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How Colonialism Under Developed Uganda By Walubo Jude Tadeo, Makerere University Kampala Uganda East Africa

4668 words - 19 pages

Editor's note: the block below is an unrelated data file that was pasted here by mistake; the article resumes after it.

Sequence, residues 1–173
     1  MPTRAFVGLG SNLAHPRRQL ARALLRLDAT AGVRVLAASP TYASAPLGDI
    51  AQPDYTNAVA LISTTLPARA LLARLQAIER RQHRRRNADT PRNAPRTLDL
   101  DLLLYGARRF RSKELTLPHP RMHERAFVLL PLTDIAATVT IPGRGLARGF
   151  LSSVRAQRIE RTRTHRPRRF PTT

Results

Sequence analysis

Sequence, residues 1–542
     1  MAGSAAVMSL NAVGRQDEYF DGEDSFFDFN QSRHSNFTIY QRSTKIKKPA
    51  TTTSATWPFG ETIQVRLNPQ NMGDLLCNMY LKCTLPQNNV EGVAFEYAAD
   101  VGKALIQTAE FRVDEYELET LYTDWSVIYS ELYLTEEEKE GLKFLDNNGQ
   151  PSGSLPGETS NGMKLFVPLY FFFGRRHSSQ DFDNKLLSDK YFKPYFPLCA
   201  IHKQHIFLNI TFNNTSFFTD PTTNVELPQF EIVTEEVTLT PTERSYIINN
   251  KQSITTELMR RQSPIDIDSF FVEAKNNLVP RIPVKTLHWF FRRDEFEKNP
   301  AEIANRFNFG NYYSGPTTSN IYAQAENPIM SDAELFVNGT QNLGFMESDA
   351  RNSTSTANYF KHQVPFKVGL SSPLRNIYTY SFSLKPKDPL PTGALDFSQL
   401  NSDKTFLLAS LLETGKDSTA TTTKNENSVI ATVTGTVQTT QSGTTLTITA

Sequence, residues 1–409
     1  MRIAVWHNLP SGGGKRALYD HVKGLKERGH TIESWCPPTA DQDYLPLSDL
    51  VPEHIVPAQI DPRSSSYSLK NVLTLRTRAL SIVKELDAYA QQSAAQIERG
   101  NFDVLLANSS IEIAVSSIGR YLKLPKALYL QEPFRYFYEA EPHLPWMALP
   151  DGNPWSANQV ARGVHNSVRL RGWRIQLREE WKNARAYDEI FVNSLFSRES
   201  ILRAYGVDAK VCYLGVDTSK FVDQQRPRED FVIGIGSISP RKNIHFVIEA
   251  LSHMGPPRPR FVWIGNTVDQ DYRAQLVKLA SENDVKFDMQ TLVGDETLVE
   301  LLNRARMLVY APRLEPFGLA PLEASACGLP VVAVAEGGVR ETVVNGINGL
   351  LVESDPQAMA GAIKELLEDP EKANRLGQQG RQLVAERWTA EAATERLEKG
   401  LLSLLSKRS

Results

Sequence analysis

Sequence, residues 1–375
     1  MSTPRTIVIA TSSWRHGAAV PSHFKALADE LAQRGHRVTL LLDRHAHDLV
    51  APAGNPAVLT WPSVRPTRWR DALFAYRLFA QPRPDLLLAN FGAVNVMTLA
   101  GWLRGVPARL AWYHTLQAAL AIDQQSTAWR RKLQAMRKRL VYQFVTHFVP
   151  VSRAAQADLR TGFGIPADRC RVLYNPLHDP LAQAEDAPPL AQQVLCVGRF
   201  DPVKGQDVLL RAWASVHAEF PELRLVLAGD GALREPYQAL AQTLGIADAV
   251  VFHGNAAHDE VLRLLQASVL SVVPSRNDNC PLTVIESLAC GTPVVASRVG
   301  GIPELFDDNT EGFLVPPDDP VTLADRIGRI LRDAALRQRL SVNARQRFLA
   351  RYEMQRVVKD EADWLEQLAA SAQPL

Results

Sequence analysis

Under development is the failure of a country to rich maturity.(WW.Rostows) Afro centric scholars have traced the roots of the present state of poverty and misery in Uganda way back to the early days of imposition of British rule who established a dis-articulated economy. Rodney (1981) stresses the negative social, economic, and environmental impacts of the colonial period when he states: "The only positive development in colonialism was when it ended" (Rodney:1981, 261). Rodney (1981) accurately deconstructs the European colonization of Africa as a fundamentally oppressive relationship which fostered African dependency and alienated the African peoples from their cultural identities, their traditional sociocultural organization, and their sustainable relationships with the environment"More often than not, the term development is used in an exclusive economic sense-the justification being that the type of economy is itself an index of other social features" (Rodney: 1981, 4). This simply states that social, political and religious development all depend on whether or not the culture is economically developed. A culture's economy is the driving force behind how quickly and extensively that culture develops. The economy is what finances development and the culture's ability to progress. Rodney then goes on to state that "A society develops economically as its members increase jointly their capacity for dealing with the environment" (Rodney: 1981, 4). Uganda's under-development therefore can trace its roots into colonial practices of condemning and complete erosion of traditional African culture.The core of Rodney's definition of development states that in order to develop, a society must understand the power of nature and technology. This point introduces the idea of using nature to boost the economy by means of production. Nature and technology must be applied hand and hand in order for a culture to fully benefit. Through understanding nature, a culture can invent different types of technologies that will allow for the use of nature as an economic resource. When a society has mastered this ability then that society is on its way to becoming fully developed (Rodney 4). It can be argued that any culture can increase their ability to live a better life through exploiting nature's resources. If a culture is recognized for extending its control over nature, the culture is showing signs of economic development (Rodney 4). The British did not give Ugandan chance to exploit their natural resources through appropriate technology. Instead, the made them primary producers of raw materials for British industries. This led to underdevelopment.The British also constructed Uganda railway and a network of roads as the first step in the "process of domesticating nature" (Collett, 1987: 139), connecting preferential land exploitation, and the alienation of traditional East African societies from land and resources they had managed sustainably for millennia. The...

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